The Paducah Sun
The Paducah Sun
Paducah, Kentucky
Sunday, March 09, 2003

Paducah Gaseous Diffusion Plant
Retirees find few answers when asking why their funds haven't increased like their counterparts at Oak Ridge

By Joe Walker

About 1,000 retirees are aging and many are dying from illnesses that the government has admitted were related to Cold War radiation and chemical exposure at the Paducah Gaseous Diffusion Plant.

Although they never worked for current plant operator USEC Inc., the firm controls their pension and says its isn't financially "prudent" to increase payouts. The retirees can't understand why they were separated from a much larger pension fund under the Department of Energy umbrella that gave about 13,000 fellow pensioners in Oak Ridge, Tenn., an average 15 percent raise just two years ago.

Paducah pensioners, who were uranium enrichment employees, say the increase also applies to Paducah environmental cleanup workers when they retire. Many of the environmental workers, now with Bechtel Jacobs and its subcontractors, are former enrichment plant workers.

DOE lawyers tell the Paducah retirees the change was part of the 1995 federal law that privatized USEC. But leaders of the retirees' group are skeptical, saying they can't find any such language. They also are upset that the department has not provided supportive documentation.

"They don't want us to see that information, or we would've already had it," said 80-year-old Tom Emerson, who worked at the Paducah plant for 31 years, all with former operator Union Carbide Corp. "Meanwhile, our pension is being eaten up by increases in the cost of living and supplemental health insurance."

Leaders of the Paducah group began asking the Energy Department in December 2001 for documentation to explain the separation. They were told to file a Freedom of Information Act request, which they did last June. Two months later, DOE officials told them to resubmit the request because the original couldn't be found.

Retirees are still awaiting a response, even though the law requires federal agencies to answer within 20 working days. Their recourse, which they haven't yet used, is to file an appeal within the Energy Department. If that fails, they can opt for a lawsuit in U.S. District Court to force a response.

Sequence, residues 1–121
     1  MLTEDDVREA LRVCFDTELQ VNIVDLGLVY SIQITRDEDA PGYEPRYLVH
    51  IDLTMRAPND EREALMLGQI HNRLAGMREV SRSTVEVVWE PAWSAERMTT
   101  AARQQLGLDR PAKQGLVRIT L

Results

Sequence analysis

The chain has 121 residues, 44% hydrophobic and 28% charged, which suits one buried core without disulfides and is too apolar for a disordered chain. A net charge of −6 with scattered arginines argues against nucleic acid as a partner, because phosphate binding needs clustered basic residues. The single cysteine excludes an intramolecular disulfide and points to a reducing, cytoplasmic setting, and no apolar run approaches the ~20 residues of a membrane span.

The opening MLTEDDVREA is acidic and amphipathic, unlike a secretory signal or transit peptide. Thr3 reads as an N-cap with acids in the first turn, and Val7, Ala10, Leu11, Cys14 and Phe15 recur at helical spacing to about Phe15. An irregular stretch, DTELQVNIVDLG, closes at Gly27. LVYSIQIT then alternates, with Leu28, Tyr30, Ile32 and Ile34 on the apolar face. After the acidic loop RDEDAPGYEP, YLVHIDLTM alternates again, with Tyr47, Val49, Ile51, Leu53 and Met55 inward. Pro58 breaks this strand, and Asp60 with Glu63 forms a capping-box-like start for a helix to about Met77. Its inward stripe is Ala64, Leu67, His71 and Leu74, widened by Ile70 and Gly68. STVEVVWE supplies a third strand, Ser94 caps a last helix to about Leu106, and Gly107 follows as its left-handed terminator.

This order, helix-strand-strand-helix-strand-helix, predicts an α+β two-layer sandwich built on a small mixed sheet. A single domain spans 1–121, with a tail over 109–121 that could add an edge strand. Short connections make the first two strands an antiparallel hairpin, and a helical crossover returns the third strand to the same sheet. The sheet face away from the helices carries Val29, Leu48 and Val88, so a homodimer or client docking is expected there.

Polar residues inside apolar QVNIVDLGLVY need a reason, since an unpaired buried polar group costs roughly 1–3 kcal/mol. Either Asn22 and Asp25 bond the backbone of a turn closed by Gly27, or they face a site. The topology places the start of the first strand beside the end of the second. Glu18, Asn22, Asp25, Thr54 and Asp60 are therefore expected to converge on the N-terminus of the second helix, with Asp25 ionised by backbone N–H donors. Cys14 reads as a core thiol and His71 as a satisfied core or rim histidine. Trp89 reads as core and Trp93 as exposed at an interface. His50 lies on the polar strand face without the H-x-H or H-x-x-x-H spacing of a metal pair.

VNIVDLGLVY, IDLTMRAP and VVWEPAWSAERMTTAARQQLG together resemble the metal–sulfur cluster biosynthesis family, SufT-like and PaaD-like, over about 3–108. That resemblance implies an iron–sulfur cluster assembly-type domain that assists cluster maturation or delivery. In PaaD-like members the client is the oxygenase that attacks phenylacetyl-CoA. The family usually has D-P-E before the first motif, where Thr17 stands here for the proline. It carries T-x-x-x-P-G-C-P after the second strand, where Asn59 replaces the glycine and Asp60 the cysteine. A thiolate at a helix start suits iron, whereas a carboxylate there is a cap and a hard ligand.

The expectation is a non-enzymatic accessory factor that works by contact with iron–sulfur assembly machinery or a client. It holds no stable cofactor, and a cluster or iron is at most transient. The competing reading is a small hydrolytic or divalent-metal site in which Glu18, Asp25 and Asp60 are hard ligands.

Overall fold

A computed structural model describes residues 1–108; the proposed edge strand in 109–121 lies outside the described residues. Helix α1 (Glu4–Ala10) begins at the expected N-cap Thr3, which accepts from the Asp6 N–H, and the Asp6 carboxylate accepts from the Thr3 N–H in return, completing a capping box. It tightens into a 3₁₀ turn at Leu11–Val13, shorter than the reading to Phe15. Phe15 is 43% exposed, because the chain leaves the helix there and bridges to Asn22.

Sen. Mitch McConnell, R-Louisville, who wrote Energy Secretary Spencer Abraham in July asking for the same information, also is still waiting. "Our office has contacted the Department of Energy on several occasions, but we have not received a response to the senator's letter," said Robert Steurer, McConnell's press secretary.

Sen. Jim Bunning, R-Southgate, who is just starting to investigate, sent a letter Feb. 28 to the Energy Department, said Mike Reynard, Bunning's press secretary.

On Feb. 21, the Sun sent a list of questions to the Energy Department about delays in responding to retirees and McConnell. Despite repeated assurances of an answer by public affairs officers, none came during the past two weeks.

Although McConnell and Rep. Ed Whitfield, R-Hopkinsville, have spent considerable time helping Paducah pensioners investigate, they say it would take more legislation to reunite the retirees with the Oak Ridge group. So far, no bills have been introduced to do that.

"Congress did it to us," Emerson said. "Congress should undo it."

Led by A.K. Edwards, the Paducah retirees began raising concerns in early 2001 after the Oak Ridge group protested and got sliding-scale increases of 4 to 23 percent in their pensions. That July, DOE General Counsel Lee Otis wrote Whitfield, saying the department was no longer responsible for Paducah pensioners.

Whitfield then met with Edwards and others. "Virtually the last thing he said was, we'd better get ourselves a lawyer," said Harry Colbert, 76, who worked at the enrichment plant for 34 years, mostly with Carbide.

Colbert, who has conducted extensive research, said he finds nothing in privatization law to justify the pension transfer for retirees. Language introducing the legislation said the law provided for the transfer of pension benefits for "current employees."

Although DOE officials attribute the transfer to the law and "subsequent negotiations" between DOE and USEC, the department has never provided supporting documents, Colbert said.

Paducah retirees say the old pension fund, started more than 50 years ago, had more than $3 billion when it was broken up in May 1999 as USEC started operating the plant. Oak Ridge pensioners got about $2.5 billion and USEC about $548 million.

In July 2001, USEC wrote it had done an analysis comparing "a similar population of Paducah retirees" with those under the Oak Ridge plan. Although the USEC pension had a $121 million surplus, there was a $112 million deficit in funding for medical benefits for retirees. That left a net surplus of just $9 million, so it was not "prudent" to raise pensions, the letter said.

"Whose benefit was it for us to be included in the USEC fund?" Colbert asked. "It sure as hell wasn't ours."

Without support to change the act that privatized USEC, his group must consider suing to force action. But Colbert said pensioners can't even get information from the Energy Department to go to see a lawyer.

"If we can't get it done through the legislature, the only other way we're going to make any progress is to file some kind of suit," Colbert said. "But we don't know whom to sue or what to sue about, yet."

'They (Energy Department) don't want us to see that information, or we would've already had it. Meanwhile, our pension is being eaten up by increases in the cost of living and supplemental health insurance.'